• Roofer: Finally, your roofer’s experience will affect their labor costs. A roofing contractor with 20 years of experience is probably more expensive than a 3-year roofer. Nonetheless, do not hire the cheapest roofing contractor you find. Chances are, their quality won’t be as good as other local roofers.

Cost Of Zinc Vs. Other Roofing Materials

Zinc roofing comes with a myriad of advantages, but it’s also one of the most expensive roofing materials. See how zinc roof prices compare to other options in the table below:

Roofing Material

Minimum Cost

Maximum Cost

Rolled Roofing

$30/square

$100/square

Membrane Roofing

$30/square

$150/square

Fiberglass Shingles

$40/square

$200/square

Synthetic Slate Shingle Roofing

$50/square

$150/square

Asphalt Roof Shingles

$50/square

$200/square

Galvalume Roofing

$72/square

$200/square

EPDM Roofing

$80/square

$160/square

Standing Seam Copper Roofing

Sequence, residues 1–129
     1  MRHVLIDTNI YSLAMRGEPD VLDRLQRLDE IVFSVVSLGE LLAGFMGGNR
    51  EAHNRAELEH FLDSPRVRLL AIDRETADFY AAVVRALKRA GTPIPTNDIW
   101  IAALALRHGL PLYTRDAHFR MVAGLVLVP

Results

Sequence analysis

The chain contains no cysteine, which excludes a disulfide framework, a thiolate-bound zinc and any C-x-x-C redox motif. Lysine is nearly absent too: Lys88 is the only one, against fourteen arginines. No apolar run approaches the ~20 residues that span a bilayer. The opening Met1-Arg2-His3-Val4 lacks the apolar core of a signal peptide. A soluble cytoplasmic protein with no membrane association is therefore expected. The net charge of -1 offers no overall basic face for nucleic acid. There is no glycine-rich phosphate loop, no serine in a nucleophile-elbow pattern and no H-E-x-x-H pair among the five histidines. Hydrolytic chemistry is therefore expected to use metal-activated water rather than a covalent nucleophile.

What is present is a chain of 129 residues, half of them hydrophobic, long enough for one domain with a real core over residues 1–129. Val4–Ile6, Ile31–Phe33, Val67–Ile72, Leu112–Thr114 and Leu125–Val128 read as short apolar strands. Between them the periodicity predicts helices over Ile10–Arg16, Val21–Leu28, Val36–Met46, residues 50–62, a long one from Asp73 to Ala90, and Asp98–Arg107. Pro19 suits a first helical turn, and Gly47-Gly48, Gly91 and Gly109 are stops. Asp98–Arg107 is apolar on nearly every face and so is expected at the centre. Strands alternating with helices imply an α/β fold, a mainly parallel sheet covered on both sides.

$100/square

$200/square

TPO Roofing

$160/square

$500/square

Stone Coated Steel Roofing

$185/square

$400/square

Slate Shingle Roofing

$189/square

$272/square

Rubber Roofing

$250/square

$400/square

Modified Bitumen Roofing

$273/square

$521/square

Foam Roofing

$300/square

$500/square

Torch Down Roofing

$300/square

$600/square

Metal Tile Roofing

$300/square

$1,000/square

Galvanized Metal Roofing

$300/square

$1,800/square

Steel Roofing

$350/square

$1,150/square

Steel Shingle Roofing

$360/square

$840/square

Wood Shingle Roofing

$378/square

$500/square

IB PVC Roofing

$400/square

$600/square

Standing Seam Metal Roofing

$400/square

$650/square

Copper Roofing

$400/square

$1,500/square

Composition Shingles

$480/square

$1,600/square

Wood Shake Roofing

$500/square

$800/square

Cedar Shake Roofing

$525/square

$666/square

Red Cedar Shingle Roofing

$600/square